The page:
Whenever people write poems about autumn, they tend to focus on the inexorable passage of time, and how fall seems like the end of the growing season.
But here at our Chester nursery, we choose to see autumn not as an ending, but as a new beginning, the start of a new growing season and a chance to try new things and prepare for the winter.
1. Remember that the planting season isn’t over
Autumn is a good time to keep planting, especially in early autumn, as the ground still has plenty of warmth and many plants still have active roots.
Fall is also a good time to plant vegetables. You’ll have milder – but still fairly warm – weather and fewer pest insects to contend with. Peas, carrots, spinach, broccoli and lettuce all do well in cool weather.
Spring-blooming bulbs like daffodils and tulips should be planted in September or October so they’ll bloom in the spring.
2. Harvest your remaining crops
As summer begins to switch over to fall, be sure to harvest whatever remaining crops you can. Be sure to collect seeds for use in the new year.
3. Bring your herb garden indoors
If you have any herbs growing outdoors, it’s a good time to bring them inside if you see they’ve begun to wilt. Make sure they’re getting plenty of natural light by keeping them on a window ledge. If you don’t want to keep growing them through the colder months, dry them out for cooking later.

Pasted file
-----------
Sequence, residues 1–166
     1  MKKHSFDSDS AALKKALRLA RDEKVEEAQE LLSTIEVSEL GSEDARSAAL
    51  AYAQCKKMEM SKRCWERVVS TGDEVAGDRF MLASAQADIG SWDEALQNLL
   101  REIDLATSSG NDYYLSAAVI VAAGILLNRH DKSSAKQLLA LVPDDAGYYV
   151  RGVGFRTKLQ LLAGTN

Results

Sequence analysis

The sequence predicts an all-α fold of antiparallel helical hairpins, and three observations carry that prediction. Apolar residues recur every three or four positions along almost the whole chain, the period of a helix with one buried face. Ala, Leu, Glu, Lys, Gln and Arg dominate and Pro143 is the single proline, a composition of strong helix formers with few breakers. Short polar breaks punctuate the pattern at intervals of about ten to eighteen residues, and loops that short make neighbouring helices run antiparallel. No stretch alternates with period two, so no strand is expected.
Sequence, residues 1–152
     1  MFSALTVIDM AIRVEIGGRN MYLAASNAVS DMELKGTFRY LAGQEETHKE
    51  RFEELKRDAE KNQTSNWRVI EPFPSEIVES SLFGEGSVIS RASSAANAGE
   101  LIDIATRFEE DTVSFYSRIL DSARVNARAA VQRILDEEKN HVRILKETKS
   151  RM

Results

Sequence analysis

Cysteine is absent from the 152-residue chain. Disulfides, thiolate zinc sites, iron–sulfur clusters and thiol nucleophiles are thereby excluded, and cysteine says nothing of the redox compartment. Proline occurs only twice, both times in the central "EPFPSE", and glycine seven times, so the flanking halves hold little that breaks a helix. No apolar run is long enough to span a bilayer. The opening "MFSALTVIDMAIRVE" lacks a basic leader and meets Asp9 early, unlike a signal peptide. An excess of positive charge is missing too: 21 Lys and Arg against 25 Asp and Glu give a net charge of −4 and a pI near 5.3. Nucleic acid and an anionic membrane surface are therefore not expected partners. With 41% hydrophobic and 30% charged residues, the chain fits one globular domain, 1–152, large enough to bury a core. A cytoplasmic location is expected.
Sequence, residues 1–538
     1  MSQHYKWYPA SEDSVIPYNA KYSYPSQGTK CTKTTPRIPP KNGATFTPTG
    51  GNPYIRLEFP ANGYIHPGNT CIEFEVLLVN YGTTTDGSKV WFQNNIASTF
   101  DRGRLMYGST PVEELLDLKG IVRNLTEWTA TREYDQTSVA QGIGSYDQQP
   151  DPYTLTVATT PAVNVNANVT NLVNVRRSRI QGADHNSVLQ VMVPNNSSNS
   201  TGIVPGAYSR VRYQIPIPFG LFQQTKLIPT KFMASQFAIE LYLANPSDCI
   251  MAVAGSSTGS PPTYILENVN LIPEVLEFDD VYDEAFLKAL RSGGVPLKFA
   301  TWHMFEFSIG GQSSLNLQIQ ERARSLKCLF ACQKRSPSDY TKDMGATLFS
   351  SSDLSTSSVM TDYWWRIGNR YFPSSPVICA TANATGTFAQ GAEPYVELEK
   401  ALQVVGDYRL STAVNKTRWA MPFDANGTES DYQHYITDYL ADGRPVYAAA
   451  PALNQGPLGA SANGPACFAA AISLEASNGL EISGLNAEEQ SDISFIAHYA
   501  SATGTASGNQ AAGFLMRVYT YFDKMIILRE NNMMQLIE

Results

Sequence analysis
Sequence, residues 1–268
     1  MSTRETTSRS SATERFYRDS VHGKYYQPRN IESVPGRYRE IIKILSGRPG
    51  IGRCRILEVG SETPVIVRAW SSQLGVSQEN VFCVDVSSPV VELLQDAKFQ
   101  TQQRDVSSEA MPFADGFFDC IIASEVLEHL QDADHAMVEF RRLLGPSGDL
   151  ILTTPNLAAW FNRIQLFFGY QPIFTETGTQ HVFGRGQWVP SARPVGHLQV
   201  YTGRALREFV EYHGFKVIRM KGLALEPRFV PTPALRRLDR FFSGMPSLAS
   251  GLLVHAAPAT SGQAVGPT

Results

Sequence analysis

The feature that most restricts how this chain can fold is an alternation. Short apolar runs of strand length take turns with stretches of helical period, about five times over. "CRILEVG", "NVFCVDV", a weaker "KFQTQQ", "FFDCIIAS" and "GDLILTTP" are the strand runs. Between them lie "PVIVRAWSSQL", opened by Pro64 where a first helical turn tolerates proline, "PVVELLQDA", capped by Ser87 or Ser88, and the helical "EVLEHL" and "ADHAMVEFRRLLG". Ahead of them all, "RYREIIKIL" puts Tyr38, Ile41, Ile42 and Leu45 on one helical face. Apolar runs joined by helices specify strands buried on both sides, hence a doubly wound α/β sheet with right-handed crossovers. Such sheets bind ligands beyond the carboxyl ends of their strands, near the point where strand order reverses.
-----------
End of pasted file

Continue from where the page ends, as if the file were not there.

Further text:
4. What’s the damage?
Walk around your garden and see how your plants fared during the summer looking for the season’s successes and failures. Check for diseases and damage. It will give you a better idea of what will work – and what won’t work – next spring and summer.
5. Clean up
While you’re checking out the garden, clean up dead plants and branches, fruit that’s dropped and any other debris. It’s also a good time to get rid of weeds. This can all become part of your compost pile.
6. Inspect and prune your trees
Inspect your trees for discoloration, damage and disease. If you spot any damaged/diseased sections, use gardening shears to trim them away.
7. Let your soil breathe
Use a rake or a hand tool to aerate your soil, which may have become compacted during the summer. Do this for your garden beds and raised beds. It helps new plants take root and access nutrients.
Once you’ve loosened the soil, add a few inches of compost to help replenish the nutrients in the soil. If you test your soil and find that it’s still lacking in nutrients, you can add fertilizer in lieu of compost.
8. Add mulch
After you’ve added compost or fertilizer, spread a thin – half an inch at most – layer of mulch over your garden bed. It can protect your soil and keep weeds from sprouting, add new nutrients to the earth and prevent pests and diseases.
Do you need help making the switch from summer to autumn in your garden? Mendham Garden Center can help. The experts at our Chester, Mendham and Annandale nursery locations have spent decades working with New Jersey gardeners to make sure they get the most out of their trees, flowers, fruits and vegetables all year round.
Visit our Chester nursery, or our sister stores in Mendham and Annandale, to learn more.